How to Keep a Food Diary
A food diary is an important tool for helping you keep track of the foods you eat and your symptoms. If you do feel a return of symptoms, this is a great way to track down what may have caused them!
Of course, like any tool, a food diary is only effective if used correctly.
Rule Number One
The number one rule?
Write down everything.
Write down everything you eat, everything you drink (including water), every supplement and medication you take. Write down the weather, your symptoms, your stressors and where you are.
Remember, this is a tool. We want to be diet detectives and get to the bottom of your food sensitivities. It will never be used to judge you for the foods you eat.
Be as honest as possible no matter what your food choices are.
Write down what you eat, when you eat it (the time of day you had it) and the amount you had.
Don’t guess at the amounts if you can help it.
Measuring the amount of food or liquid is so much more accurate.
The more accurate you are, the easier it is to pinpoint triggers.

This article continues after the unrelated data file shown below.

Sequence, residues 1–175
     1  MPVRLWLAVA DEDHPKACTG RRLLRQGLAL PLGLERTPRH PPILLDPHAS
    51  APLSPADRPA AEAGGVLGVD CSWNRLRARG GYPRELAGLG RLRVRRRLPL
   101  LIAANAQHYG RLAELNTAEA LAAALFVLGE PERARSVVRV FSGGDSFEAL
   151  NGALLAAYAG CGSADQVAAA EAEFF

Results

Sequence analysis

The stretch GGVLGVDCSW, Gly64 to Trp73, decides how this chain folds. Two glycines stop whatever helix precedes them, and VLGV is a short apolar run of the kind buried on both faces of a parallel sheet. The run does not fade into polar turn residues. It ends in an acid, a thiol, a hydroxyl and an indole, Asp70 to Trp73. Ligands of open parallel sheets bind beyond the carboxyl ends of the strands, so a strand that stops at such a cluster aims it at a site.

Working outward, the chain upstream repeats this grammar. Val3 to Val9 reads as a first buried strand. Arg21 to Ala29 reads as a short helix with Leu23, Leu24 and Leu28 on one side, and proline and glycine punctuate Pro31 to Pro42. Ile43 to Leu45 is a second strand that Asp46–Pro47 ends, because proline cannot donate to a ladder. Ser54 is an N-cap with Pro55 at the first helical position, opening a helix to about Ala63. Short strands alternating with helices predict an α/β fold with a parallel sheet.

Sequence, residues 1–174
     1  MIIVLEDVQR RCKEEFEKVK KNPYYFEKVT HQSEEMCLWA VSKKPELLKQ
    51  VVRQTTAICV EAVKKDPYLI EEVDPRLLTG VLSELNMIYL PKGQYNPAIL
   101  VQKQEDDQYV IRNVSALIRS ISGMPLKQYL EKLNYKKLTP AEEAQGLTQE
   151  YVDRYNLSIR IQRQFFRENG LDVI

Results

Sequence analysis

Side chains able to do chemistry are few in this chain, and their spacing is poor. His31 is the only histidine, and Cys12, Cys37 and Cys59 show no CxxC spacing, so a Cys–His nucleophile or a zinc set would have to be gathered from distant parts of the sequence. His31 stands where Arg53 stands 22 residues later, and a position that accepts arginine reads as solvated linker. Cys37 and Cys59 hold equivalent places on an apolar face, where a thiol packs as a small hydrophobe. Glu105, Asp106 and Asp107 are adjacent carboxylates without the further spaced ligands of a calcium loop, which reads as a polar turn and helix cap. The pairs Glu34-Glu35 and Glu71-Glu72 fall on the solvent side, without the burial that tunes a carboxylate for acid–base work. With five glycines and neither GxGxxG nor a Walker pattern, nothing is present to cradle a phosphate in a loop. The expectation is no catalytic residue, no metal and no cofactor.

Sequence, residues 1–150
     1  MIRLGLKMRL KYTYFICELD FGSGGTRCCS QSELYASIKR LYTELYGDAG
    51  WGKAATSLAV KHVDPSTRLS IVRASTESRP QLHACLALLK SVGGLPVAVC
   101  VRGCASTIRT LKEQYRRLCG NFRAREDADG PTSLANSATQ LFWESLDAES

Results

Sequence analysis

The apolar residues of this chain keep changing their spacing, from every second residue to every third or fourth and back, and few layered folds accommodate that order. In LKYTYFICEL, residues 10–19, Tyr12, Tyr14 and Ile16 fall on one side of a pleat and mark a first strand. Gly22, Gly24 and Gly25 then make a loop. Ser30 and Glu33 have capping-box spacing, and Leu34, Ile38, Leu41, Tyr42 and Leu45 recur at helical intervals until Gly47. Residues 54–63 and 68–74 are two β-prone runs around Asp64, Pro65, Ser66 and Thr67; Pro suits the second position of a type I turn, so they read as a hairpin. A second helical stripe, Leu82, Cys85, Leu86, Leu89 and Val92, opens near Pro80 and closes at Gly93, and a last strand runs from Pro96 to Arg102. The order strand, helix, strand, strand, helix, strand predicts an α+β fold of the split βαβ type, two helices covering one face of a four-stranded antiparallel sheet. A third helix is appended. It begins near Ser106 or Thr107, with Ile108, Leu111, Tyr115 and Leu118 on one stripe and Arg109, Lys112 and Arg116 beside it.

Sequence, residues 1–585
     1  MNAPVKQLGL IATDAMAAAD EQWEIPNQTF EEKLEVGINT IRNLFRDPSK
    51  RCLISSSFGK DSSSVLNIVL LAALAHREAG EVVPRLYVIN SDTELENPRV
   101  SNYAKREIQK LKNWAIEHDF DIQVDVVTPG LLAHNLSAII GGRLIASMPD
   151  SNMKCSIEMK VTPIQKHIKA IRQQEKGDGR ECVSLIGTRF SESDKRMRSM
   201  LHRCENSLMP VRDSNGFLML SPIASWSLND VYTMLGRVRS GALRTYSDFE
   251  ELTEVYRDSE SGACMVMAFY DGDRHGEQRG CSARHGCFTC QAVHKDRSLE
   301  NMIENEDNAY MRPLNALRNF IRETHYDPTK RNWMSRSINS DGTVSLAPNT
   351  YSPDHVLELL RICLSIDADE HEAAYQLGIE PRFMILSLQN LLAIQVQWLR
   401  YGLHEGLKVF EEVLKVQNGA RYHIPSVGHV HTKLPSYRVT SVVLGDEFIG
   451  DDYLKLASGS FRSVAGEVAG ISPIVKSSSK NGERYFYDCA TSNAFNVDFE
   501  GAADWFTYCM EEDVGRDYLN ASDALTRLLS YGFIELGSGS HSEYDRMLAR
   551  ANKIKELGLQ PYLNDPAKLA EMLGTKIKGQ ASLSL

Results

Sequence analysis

Remember, food sensitivities can be dose dependent.
Meaning, if you have a little you may be fine.
If you have a lot, you may be in trouble.
If you just have a half cup of black beans, you may be fine.
But if you make a big pot of black bean soup and eat it for lunch every day for a week, it could be a problem.
Rule Number Two
Be as specific as possible.
Pretend that someone is going to recreate your meals from your descriptions, give them all the details they would need to do that.
Note the names of foods and ingredients, the brands you used, the way the food was prepared (raw, baked, sauteed, fried in peanut oil, etc), every detail you can.